Image of Dr. Cassie Trentaz

Associate Professor of Theology, Ethics & Church History

Faculty
Division of: Arts & Letters
Phone: 503-517-1045
Education:
  • Ph.D., Theology, Ethics, and the Human Sciences; Chicago Theological Seminary
    (with courses at the University of Chicago and the Lutheran School of Theology at Chicago)
  • Master of Theological Studies, Professional Distinction in Theological Studies; Anderson School of Theology
  • Bachelor of Arts, summa cum laude in Religious Studies with double majors in Bible/Religion and Christian Ministries, minor in Philosophy; Anderson University
Areas of Teaching:
  • Theology
  • Ethics/Social Ethics
  • Religions of the World/Comparative Religions
  • Church History
  • Spirituality and Purpose
Research Passion:

Dr. Trentaz’s academic, research, and activist passions live at the intersections of exploring how people make meaning and live those commitments in complex contexts to make a difference in the world. This includes exploring the meaning-making practices and commitments of the “Nones” and “Dones” (those outside of institutional religion) as well as people and communities of faith working to find their roots and reaching across differences to work for social change toward justice, love, life, and wholeness in their neighborhoods.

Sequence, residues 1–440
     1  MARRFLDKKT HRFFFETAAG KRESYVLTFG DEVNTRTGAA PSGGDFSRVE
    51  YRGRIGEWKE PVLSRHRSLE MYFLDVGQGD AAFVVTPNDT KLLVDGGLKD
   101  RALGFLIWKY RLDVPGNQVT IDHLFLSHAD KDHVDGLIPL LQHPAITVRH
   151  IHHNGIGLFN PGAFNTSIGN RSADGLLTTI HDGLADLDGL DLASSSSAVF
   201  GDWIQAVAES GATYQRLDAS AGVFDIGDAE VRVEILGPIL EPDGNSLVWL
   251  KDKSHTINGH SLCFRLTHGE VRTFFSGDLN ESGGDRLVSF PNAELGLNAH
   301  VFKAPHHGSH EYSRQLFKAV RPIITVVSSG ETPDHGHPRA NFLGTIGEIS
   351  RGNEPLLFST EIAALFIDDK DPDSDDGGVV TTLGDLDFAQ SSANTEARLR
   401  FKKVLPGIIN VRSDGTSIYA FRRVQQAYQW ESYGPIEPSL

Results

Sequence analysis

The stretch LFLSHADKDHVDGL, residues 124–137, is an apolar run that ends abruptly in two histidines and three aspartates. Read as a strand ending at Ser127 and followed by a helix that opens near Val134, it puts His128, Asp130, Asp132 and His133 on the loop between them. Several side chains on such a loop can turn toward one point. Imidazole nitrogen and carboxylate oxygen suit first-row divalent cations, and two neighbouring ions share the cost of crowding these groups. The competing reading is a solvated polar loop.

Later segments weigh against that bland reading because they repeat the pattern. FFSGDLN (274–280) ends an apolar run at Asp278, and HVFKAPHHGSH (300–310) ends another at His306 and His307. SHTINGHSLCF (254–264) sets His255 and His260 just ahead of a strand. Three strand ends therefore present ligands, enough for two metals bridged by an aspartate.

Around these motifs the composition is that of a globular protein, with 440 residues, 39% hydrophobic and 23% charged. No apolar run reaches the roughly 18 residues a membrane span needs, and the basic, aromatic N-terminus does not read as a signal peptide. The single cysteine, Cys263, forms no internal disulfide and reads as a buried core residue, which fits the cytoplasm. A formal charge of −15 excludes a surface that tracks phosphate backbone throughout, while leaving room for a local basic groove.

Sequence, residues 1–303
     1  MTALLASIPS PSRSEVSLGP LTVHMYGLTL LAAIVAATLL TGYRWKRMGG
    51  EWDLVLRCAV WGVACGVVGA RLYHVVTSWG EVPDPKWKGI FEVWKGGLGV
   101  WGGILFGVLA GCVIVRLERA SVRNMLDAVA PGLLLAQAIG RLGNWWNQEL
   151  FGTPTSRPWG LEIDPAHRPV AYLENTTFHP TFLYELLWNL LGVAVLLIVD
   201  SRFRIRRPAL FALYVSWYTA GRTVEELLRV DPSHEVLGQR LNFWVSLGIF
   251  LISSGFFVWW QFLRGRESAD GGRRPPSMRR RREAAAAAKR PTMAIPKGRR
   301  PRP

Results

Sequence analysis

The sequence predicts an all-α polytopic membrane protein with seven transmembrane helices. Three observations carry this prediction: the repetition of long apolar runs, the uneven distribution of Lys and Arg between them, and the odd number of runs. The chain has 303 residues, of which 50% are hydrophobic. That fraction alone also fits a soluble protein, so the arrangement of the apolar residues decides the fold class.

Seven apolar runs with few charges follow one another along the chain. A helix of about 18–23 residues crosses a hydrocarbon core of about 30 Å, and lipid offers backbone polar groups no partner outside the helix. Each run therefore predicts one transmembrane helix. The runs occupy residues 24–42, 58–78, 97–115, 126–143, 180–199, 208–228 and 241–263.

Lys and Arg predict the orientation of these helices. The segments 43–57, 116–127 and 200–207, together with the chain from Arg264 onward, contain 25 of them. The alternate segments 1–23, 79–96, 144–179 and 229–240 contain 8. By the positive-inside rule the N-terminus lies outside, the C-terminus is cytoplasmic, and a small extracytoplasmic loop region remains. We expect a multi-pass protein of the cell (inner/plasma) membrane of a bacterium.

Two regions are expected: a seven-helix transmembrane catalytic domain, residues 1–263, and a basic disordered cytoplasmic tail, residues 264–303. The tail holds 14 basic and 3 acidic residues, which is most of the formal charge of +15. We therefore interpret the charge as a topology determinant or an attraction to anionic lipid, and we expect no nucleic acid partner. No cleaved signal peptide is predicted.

Academic Accomplishments:
  • Book: Love in a Time of Fear: Hearing Our Neighbors Across Lines that Divide Us (single-authored full-length book). Forthcoming with Wipf & Stock Publishers.
  • Book: Theology in the Age of Global AIDS & HIV: Complicity and Possibility (single-authored full-length book). New York, NY: Palgrave Macmillan, November 2012.
  • Article: “What Does it Mean to be an Engaged Institutional Neighbor?: A Self-Study of an Undergraduate Program in Ministry and Community Engagement,” (single-authored peer reviewed article) in Christian Higher Education, Volume 19 Numbers 1-2 (January) 2020.
  • Article: “Making Sense of Feminist Theologies Today” (peer reviewed journal article co-authored with Laurel C. Schneider), Blackwell Publishers in Religion Compass journal, 2008.
  • Chapter: “ ‘In the City, For the City’: Re-Membering Roots and Discovering What it Means to be Our Full Selves and Good Neighbors in Southeast Portland” (single-authored chapter) in Holy Imagination: Thinking about Social Holiness, edited by Nathan Crawford, Jonathan Dodrill, and David Wilson. Lexington, KY: Emeth Press, January 2015.
  • Chapter: “ ‘They Will Know Us by Our Love’: ‘Good News’ in a Postmodern, Postcolonial, Post-Christian Context” (single-authored chapter) in A Faithful Witness, Anderson, IN: Anderson School of Theology, June 2014.
  • Presentation: “Telling the Truth of Our Lives: Intersectional Coalition Building as Scholars, Educators, and Activists,” a Presidential Plenary Session at the American Academy of Religion annual meeting, (Boston, MA/virtual) November 2020.
  • Presider: “Risk, Rage, and Social Change,” a panel by the Committee on the Status of Women in the Profession for the American Academy of Religion, at the AAR annual meeting, Denver, CO, November 2018.